Katherine Mares

“I've known for a really long time that I wanted to do something science related,” Master of Biological Sciences (MBS) alumna Katherine Mares says. “And I was hoping to use college as a way to figure out where my niche is.”

Katherine earned a double major in biochemistry and Spanish as an undergraduate. She also ran for the cross-country team, which kept her extremely busy. And while she had found her niche in the life sciences, her schedule kept her from fully exploring her interests.

“There were time blocks where I couldn't take classes,” she says. “Immunology was on my list, and it just never worked out. I knew I wanted to get an advanced degree in the biology-immunology field. I found that the Master of Biological Sciences could be shaped so that I could take classes in immunology, and I thought, this is perfect.”

Two Paths Converge

Katherine Mares inside the Graduate Hotel

Did we mention that Katherine was in her second year of law school when she decided to pursue her MBS degree? Just as she had as an undergraduate, she was again motivated to study two fields at once.

“I started law school in the fall of 2020,” she says.” You aren't allowed a dual degree in your first year, so I just did law. Then for my second and third years, I did the MBS full-time.” In graduate school, Katherine was able to take a lot of courses in her chosen subjects: microbiology, immunology, and cancer biology.

How did she manage to complete two degrees in three years? On top of being a master at time management and a hard worker, she gives a lot of credit to her MBS advisor, Dr. Anke Reinders.

“She is the best advisor and advocate someone could have possibly asked for,” Katherine says. “She has done so much rescheduling and advocating for me. I can't tell you how appreciative I am of her.” Her key piece of advice for incoming MBS students is to get to know your advisor.

Into the Courtroom and Back to the Classroom

Katherine first became interested in the connection between law and the sciences when she was a legal aid in an intellectual property law firm. She was exposed to patent law related to the various fields, including mechanical engineering, electrical engineering, and immunology.

She says, “Based on their guidance, I learned that if I wanted to go into intellectual property it would be beneficial to have an advanced degree in the life sciences. This is something I could see myself doing. I needed to find a program where I could put a little more education behind me before I entered the legal field.”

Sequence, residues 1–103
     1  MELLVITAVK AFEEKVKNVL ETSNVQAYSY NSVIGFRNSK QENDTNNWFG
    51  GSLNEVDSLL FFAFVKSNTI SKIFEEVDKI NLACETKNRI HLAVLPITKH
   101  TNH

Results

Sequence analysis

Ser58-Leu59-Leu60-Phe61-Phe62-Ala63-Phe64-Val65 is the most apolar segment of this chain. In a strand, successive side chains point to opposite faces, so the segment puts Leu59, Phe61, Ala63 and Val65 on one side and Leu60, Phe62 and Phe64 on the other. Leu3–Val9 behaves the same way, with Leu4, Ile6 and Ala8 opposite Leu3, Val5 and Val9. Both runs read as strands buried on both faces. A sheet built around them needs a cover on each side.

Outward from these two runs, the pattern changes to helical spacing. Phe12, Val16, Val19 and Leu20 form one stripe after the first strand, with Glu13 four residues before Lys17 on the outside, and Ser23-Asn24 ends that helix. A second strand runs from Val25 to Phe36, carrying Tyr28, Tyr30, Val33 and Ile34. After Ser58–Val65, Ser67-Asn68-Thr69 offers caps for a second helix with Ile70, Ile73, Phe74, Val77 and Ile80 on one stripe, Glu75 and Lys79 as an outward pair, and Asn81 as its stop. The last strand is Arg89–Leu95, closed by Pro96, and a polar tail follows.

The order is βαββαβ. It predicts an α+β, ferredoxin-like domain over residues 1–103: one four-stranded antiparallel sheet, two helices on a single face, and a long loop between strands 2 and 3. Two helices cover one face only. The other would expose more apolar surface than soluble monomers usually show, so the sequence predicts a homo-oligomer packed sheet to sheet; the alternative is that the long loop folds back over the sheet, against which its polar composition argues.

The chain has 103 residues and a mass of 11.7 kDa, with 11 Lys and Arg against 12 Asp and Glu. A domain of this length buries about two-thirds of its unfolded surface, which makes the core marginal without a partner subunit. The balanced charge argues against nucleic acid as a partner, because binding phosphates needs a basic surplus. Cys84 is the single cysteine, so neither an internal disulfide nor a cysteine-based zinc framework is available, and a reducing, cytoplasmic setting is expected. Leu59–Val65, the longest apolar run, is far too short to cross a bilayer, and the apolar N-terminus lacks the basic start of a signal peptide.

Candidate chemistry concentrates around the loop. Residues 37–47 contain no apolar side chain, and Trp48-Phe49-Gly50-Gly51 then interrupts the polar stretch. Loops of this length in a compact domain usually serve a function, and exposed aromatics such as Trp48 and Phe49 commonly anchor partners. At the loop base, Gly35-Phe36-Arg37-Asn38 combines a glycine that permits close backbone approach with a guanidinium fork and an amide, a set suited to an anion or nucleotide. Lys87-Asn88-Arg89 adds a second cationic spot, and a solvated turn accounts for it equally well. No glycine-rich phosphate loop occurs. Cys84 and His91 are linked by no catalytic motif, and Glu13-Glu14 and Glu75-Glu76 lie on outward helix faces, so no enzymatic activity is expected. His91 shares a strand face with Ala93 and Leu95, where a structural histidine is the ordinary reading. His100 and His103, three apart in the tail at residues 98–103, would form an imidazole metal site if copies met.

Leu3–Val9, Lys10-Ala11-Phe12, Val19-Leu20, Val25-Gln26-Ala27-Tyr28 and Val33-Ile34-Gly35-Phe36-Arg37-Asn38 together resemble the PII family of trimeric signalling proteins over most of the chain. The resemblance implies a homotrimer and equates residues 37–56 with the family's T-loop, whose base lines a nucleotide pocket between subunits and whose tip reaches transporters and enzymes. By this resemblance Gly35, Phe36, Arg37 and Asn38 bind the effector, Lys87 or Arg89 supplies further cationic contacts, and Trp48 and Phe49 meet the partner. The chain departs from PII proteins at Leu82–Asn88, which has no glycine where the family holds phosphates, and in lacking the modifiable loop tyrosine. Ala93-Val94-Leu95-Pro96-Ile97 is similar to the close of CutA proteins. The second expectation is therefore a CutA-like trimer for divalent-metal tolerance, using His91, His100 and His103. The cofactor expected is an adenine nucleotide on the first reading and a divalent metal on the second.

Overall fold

Katherine recently secured an associate position with an intellectual property and technology law firm in Minneapolis.

“At my previous firm the prosecutors called their work 'happy law,' because it wasn't criminal or family law. Patent prosecution is essentially you versus the United States Patent and Trademark Office or you versus the United States government. 'I've got an idea; I need to protect it.' And then litigation is, 'hey, the United States government has recognized that I have this property. Please stop doing what you're doing with my property.' It's fun. I'm excited to see what it's like actually practicing.”

Katherine is also looking forward to teaching a University of Minnesota intellectual property moot court competition team this year. “I didn't think I was a really competitive person,” she says. “And then we got out there and I was like, oh, I want to win.” The students get to choose which competitions to join, and last year they went to Boston.

“It's going to be fun to get back to the school because I had a lot of really good teachers,” she adds. “Hopefully, I'll be like them.” 

The Big Takeaway

“I'm continually amazed and interested by how many different facets of research are going on at one time. Specifically, two of the courses I took, cancer biology and immunopathology, were taught by rotating PhDs each week. They would come and talk about their research. It led me to believe I'm going to be a student for the rest of my life because it was just so cool to hear about all the different areas that we know a lot about and what we know nothing about. And it was very encouraging to see the different ways research is expanding.”

Pro Tip for Students

“Just because it's not advertised doesn't mean it's no. So if you want something, don't be afraid to ask for it.”


Katherine is a recipient of the Ingrid Lenz Harrison Scholarship.